1
$\begingroup$

Refluxing, say, one mole of 1,5-dibromo-pentane with excess ammonia in ethanol can result in the formation of rings. (e.g. $1\lambda^2$-piperidine)

Picture

However, it is also possible for the 1,5-dibromo-pentane molecules to be connected together, forming longer chains without forming rings. The longer chains can be reacted again to form larger rings. So in theory, we can have rings that are arbitrarily large.

This is about the rings' size distribution

Question: What is the expected number of rings (large and small) after the reaction finishes? How many of the rings are $1\lambda^2$-piperidine? Generally, is there a mathematical distribution that describes the expected number of rings of any given size?

$\endgroup$
  • 2
    $\begingroup$ Common teaching is that the formation of rings greater than, say, 8 members is difficult. It usually requires templating (internal or external to the molecule). You are basically asking about ring polymers and their size distribution. $\endgroup$ – TAR86 Feb 25 '19 at 7:45
  • $\begingroup$ @TAR86 Could you explain more about it or tell me where can i learn more? $\endgroup$ – Ma Joad Feb 25 '19 at 9:22
  • 1
    $\begingroup$ Do you know what $1\lambda^2$-piperidine means and why you're getting that? ChemDraw circled the nitrogen atom in red for a reason.. $\endgroup$ – orthocresol Feb 25 '19 at 23:47
1
$\begingroup$

There is no simple answer here because the outcome will be heavily dependent on the concentration and on the rate of addition.

The most salient point in your question to me is: "excess ammonia."

You can ask what the competing reactions are.

  1. 1,5-dibromopentane reacts with ammonia to form 1-amino-5-bromopentane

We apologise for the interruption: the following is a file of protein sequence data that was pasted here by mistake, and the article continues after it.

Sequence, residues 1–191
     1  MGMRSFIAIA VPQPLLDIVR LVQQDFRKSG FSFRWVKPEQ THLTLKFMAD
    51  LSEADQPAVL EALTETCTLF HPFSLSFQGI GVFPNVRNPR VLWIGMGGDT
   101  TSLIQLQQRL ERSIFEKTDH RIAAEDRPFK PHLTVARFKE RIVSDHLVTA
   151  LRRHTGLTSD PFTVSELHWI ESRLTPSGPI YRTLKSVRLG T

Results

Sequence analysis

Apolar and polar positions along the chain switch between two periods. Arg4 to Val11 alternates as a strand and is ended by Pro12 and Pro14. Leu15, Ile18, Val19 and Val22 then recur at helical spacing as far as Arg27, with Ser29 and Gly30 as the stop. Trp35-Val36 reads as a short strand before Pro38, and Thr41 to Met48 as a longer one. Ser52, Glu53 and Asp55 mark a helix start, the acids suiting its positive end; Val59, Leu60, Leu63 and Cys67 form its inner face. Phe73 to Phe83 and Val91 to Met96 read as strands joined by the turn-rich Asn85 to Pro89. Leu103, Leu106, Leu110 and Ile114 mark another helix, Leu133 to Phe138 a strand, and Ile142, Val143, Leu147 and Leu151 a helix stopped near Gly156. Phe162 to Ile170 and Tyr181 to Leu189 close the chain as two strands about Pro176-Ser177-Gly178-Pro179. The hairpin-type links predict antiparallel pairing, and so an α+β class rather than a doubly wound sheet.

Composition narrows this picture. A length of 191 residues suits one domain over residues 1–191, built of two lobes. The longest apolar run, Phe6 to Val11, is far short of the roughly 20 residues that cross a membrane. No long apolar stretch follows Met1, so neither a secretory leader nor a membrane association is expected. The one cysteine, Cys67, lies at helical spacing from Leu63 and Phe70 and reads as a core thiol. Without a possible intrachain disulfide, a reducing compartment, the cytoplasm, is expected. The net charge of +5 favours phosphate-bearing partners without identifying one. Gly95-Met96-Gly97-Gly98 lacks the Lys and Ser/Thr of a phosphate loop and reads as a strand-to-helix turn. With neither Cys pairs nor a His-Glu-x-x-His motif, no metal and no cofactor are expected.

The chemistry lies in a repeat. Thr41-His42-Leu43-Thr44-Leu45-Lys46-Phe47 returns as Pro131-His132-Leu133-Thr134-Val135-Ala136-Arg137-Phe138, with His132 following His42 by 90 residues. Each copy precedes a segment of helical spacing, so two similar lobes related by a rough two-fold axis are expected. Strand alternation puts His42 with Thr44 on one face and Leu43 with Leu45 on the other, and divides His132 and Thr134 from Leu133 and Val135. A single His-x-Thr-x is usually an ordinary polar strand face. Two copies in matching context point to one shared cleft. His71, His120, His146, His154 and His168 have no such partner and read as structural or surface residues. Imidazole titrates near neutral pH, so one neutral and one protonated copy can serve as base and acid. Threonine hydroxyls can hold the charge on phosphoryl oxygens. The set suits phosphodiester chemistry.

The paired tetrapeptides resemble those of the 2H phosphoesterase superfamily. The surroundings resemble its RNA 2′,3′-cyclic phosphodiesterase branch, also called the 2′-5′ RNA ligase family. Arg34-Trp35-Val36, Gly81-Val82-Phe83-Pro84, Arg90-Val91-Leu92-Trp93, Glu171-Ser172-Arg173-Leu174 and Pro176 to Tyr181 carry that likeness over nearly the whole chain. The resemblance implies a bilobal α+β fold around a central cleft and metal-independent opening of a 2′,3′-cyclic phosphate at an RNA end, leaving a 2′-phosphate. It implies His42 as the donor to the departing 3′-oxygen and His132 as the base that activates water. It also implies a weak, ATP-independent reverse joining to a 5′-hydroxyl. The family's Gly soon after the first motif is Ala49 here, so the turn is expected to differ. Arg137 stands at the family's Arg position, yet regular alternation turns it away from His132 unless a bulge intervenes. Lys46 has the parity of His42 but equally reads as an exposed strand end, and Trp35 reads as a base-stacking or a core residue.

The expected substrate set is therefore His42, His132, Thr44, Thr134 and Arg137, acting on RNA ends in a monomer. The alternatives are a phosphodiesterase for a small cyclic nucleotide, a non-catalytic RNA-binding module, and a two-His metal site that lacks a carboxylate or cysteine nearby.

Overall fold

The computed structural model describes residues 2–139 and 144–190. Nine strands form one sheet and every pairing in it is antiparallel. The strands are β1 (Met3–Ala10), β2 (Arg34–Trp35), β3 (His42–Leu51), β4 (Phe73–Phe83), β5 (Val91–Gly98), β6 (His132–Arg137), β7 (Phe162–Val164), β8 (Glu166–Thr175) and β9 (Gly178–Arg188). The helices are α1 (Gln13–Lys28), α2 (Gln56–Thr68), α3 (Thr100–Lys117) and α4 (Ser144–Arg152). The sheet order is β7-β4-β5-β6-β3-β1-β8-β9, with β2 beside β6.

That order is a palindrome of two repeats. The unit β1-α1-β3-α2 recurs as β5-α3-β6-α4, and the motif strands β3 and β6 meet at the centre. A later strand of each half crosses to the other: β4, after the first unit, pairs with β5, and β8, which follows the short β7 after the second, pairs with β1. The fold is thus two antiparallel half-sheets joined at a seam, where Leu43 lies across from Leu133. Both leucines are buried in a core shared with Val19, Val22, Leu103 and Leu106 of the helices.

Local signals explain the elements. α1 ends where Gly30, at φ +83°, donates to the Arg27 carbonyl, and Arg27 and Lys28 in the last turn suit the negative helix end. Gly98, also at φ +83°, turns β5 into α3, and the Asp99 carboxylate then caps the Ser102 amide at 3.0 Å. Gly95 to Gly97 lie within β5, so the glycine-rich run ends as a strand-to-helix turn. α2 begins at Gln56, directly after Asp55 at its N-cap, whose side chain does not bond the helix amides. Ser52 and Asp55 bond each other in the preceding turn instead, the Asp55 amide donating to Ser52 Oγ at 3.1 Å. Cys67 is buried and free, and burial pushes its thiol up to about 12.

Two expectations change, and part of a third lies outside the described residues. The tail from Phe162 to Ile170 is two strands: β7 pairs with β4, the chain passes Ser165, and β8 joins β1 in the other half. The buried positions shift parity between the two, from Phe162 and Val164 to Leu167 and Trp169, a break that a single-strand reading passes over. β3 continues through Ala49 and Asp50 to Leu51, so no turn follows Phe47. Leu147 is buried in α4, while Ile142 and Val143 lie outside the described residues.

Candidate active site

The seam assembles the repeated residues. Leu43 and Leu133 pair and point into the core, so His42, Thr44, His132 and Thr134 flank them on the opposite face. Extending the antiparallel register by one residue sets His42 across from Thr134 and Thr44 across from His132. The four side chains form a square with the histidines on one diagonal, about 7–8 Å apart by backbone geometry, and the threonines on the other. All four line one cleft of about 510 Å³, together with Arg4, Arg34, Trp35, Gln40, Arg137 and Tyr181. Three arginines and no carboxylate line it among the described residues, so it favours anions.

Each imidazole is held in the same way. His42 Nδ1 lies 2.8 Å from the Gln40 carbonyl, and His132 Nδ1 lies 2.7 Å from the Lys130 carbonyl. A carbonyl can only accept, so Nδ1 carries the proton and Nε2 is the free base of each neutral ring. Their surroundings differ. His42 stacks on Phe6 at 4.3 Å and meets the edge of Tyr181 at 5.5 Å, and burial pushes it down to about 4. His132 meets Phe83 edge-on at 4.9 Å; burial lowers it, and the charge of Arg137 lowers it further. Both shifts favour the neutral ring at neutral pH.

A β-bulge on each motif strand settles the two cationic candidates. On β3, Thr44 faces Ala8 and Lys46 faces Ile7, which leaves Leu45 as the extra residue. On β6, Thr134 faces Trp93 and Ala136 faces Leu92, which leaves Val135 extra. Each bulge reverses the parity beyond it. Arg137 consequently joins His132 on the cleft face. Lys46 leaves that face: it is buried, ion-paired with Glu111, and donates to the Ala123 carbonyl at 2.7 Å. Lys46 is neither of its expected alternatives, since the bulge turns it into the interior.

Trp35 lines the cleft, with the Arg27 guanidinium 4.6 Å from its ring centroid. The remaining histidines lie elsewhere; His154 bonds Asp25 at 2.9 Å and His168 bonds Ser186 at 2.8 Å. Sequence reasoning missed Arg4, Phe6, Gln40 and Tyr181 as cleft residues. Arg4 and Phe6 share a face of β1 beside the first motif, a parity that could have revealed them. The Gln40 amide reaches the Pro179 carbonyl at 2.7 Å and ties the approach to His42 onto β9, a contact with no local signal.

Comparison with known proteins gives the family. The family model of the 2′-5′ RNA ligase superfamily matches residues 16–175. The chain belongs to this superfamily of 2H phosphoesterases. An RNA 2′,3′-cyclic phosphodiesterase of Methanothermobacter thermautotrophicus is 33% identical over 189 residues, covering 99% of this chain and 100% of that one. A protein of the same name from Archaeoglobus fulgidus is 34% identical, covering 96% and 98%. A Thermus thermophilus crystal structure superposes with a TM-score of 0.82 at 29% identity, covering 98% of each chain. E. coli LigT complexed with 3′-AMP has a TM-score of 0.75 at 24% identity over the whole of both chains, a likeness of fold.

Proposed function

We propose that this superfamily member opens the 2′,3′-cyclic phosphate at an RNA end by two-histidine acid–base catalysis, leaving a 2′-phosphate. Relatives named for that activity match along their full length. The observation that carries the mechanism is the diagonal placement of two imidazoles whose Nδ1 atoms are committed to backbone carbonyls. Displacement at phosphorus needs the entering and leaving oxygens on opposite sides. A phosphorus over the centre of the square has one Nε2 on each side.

2. 1-amino-5-bromopentane reacts with itself to form piperidine
  3. 1-amino-5-bromopentane reacts with ammonia to form 1,5-diaminopentane
  4. 1-amino-5-bromopentane reacts with another straight chain alkyl amine to elongate the chain
  5. 1,5-dibromopentane reacts with piperidine to form N-(5-bromopentyl)piperidine
  6. and others...

The main problem I see is that in excess ammonia, unless you perform a slow addition of ammonia, the concentration may be such that the ammonia will over add via (3). Then you're going to get any product. The intermediates are also reactive, so the reactant concentration has to be relatively low as well, otherwise, you may see (4) or (5) or other side reactions. You may also need to run the reaction at lower temperature to disfavor reaction of the product with any alkyl bromide intermediate or reactant.

These issues need to resolved before you even begin to think about distribution of ring sizes because you might not even form any rings.

| improve this answer | |
$\endgroup$

Your Answer

By clicking “Post Your Answer”, you agree to our terms of service, privacy policy and cookie policy

Not the answer you're looking for? Browse other questions tagged or ask your own question.